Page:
Most people don’t have access to a low-frequency RFID reader to scan an implanted microchip, says Skoubee CEO Laurent Schwarz, but increasingly, people don’t go anywhere without their smartphones.

Pet owners who enroll in the Skoubee program pay 30 euros ($33) for an ID tag. Then, they can create a public and private online profile for their pets. If a pet gets lost, the owner can log on to the pet’s profile and access the “lost pet” function, which will send an alert to other Skoubee members that the pet is lost.

The private profile can be used to manage a pet’s medical records, which pet owners can access with a smart device. It’s a convenient way to keep track of vaccination schedules, veterinarian appointments and medication refills, Schwarz says. The company is developing a way to send alerts to remind pet owners about these dates, most likely using Short Message Service (SMS) text messaging, he says.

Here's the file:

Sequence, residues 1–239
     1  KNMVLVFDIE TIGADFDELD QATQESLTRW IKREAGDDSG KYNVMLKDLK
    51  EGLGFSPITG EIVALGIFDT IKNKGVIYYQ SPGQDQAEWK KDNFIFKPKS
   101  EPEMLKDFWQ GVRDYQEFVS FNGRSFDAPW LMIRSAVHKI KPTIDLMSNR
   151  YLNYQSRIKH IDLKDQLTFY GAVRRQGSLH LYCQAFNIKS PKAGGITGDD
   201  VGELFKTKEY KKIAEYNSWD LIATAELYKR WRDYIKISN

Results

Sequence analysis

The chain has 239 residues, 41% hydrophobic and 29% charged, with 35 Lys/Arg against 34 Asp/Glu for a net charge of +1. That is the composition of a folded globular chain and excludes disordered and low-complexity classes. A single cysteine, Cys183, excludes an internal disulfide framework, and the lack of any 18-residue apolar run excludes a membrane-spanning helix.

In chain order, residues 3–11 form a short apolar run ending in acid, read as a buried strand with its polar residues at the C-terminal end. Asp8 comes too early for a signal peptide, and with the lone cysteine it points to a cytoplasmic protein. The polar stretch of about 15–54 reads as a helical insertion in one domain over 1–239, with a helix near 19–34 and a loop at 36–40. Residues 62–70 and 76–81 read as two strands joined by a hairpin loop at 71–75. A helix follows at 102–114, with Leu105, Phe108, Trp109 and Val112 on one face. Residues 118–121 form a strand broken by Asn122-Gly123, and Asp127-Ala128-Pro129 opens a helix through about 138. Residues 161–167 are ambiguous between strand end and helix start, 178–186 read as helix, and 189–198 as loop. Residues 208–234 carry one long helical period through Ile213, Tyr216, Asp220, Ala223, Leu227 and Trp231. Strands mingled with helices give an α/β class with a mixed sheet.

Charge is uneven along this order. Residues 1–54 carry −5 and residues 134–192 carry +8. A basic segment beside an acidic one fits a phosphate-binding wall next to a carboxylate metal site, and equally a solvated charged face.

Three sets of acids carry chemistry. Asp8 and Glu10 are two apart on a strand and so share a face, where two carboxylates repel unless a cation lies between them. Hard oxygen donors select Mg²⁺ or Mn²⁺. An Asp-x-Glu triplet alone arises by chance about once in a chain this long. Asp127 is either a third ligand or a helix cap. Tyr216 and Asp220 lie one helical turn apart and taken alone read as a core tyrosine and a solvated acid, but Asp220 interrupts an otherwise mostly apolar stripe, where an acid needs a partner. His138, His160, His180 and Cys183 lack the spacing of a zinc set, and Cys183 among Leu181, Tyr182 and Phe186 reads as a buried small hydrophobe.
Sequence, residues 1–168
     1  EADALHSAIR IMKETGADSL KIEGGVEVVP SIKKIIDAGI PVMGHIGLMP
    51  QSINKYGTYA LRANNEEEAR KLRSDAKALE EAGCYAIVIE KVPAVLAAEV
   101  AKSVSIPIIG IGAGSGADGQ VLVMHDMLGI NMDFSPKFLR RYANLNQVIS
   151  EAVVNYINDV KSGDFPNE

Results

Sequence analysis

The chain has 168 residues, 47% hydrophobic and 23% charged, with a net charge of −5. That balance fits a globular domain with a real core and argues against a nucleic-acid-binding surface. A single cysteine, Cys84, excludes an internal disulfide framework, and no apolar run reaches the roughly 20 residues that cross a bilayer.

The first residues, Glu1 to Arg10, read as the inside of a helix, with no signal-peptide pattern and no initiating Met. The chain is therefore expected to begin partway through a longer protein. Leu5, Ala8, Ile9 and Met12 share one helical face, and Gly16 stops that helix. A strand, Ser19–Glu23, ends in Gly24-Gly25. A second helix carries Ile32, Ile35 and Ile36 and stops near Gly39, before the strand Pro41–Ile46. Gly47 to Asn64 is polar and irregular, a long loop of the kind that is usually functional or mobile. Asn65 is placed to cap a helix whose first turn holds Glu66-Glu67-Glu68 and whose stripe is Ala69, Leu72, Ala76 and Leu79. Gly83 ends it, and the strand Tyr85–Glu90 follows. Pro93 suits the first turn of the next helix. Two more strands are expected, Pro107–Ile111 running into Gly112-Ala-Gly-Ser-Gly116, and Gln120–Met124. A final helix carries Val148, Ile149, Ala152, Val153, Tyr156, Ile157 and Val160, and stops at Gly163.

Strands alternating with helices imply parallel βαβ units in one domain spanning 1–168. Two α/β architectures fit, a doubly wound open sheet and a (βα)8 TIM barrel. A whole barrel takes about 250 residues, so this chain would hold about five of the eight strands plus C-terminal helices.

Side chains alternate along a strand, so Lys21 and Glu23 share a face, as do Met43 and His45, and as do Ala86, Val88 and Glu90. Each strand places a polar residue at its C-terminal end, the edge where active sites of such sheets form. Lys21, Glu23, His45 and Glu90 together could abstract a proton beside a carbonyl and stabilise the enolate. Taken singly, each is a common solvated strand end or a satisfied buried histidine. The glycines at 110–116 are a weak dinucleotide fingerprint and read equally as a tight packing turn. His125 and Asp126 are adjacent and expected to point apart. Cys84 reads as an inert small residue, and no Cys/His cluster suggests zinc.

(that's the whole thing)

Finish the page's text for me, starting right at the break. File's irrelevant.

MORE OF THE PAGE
Universal NFC
Schwarz conceived the idea for Skoubee while working on a national public transportation project in Switzerland, in which NFC smartphones were used to scan electronic tickets. Previously, he worked for more than 12 years at RFID companies, including Smartrac, HID Global and Sokymat, and was also involved for many years in the microchip implant business for animal identification.

Skoubee’s digital medal

In addition to being an animal lover and cat owner, Schwarz recognized a growing trend in the pet industry. “Dog and cat owners are more concerned with the health, well-being and nutrition of their pets,” he says. “There was an incredible opportunity for a company to build a platform with products to address pet owner concerns. I identified the business case for using mobile devices to access relevant pet information.”